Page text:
Super-fact, or super-fiction? A closer look at 10 superfoods

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By Will Hawkins

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You’ve probably heard the word ‘superfood’ loads of times. You’ve probably also seen nutritionists like me telling you to eat more of them. And, you’ve probably seen loads of different ingredients touted as so called ‘superfoods’.

So which ingredients actually are superfoods? Can any really make a difference to your health, or are they just fashionable food trends?

Let’s take a look 10 superfoods and their supposed benefits, then find out what the facts are behind these claims…

1. is avocado a superfood?

The claim:

The ‘good’ fat in avocados can help you to lose weight.

Super-fact or super-fiction?

Few superfoods are more popular than avocado right now, with people singing the praise of its monounsaturated (‘good’) fat.

It’s certainly true that monounsaturated fat has all sorts of benefits, from lowering cholesterol to helping your body process insulin more efficiently. And it’s definitely better for you than the fats found in cakes, chocolate and crisps.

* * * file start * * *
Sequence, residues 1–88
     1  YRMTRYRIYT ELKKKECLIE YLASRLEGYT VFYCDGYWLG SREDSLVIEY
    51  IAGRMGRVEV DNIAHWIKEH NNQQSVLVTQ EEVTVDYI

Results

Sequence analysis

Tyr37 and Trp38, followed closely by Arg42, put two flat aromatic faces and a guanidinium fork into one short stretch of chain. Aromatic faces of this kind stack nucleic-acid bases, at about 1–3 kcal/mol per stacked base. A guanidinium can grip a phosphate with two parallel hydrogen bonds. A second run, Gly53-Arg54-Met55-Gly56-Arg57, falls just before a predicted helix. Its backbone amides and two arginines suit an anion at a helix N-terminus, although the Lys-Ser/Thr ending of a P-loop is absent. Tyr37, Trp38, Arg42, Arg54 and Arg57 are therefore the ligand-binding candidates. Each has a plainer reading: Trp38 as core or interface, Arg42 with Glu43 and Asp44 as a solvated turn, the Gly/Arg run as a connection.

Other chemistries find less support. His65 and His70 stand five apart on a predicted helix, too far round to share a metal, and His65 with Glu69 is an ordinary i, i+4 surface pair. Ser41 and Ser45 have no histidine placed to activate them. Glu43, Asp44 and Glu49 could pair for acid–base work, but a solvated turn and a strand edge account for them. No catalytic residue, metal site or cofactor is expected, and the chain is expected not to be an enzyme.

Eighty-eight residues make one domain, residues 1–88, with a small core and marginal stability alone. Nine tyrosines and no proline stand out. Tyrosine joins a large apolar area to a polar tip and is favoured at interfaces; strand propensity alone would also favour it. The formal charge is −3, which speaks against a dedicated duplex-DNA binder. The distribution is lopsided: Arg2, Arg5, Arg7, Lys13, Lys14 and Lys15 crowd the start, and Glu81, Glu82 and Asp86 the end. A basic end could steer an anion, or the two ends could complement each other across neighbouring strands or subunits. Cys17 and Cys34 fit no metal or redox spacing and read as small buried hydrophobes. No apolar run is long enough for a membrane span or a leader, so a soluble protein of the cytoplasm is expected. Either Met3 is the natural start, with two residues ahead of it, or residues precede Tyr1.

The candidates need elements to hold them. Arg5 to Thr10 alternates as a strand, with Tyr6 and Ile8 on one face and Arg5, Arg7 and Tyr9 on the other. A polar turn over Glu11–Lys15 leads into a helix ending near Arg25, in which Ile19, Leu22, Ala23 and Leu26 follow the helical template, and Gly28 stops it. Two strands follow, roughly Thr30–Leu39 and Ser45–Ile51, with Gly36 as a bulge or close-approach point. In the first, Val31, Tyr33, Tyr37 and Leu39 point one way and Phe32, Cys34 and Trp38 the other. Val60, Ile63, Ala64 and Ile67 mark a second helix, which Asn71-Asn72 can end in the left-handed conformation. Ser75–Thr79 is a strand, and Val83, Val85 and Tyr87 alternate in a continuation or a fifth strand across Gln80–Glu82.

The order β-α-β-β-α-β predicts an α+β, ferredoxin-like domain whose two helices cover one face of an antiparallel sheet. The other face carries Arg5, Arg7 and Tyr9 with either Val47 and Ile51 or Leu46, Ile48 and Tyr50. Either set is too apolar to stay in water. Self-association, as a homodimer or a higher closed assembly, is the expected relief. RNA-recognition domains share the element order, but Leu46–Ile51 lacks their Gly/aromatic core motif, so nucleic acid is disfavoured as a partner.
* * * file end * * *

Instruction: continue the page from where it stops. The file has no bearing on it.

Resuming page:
However, it’s important to remember that all forms of fat are equally calorific, so you shouldn’t gorge yourself on avocados and expect to lose weight. Everything in moderation folks – even superfoods!

2.Is almond a superfood?

The claim:

Almonds can repair cell damage.

Super-fact or super-fiction?

If you’re looking for the most nutritious nut, look no further than the almond. They’re high in vitamin E, an antioxidant that helps to protect the cells in our body from free radical damage, which is important for maintaining healthy skin, eyes, brain and immune health…everything, basically!

A word of warning though; like all nuts, they do pack in quite a few calories. You only need a small handful of almonds to get a good dose of Vitamin E, so there’s no need to scoff the whole bag.

3. is beetroot a superfood?

The claim:

Beetroot is brilliant for your heart.

Super-fact or super-fiction?

It’s true. If you want to give your heart a health boost, get some beetroot on your plate.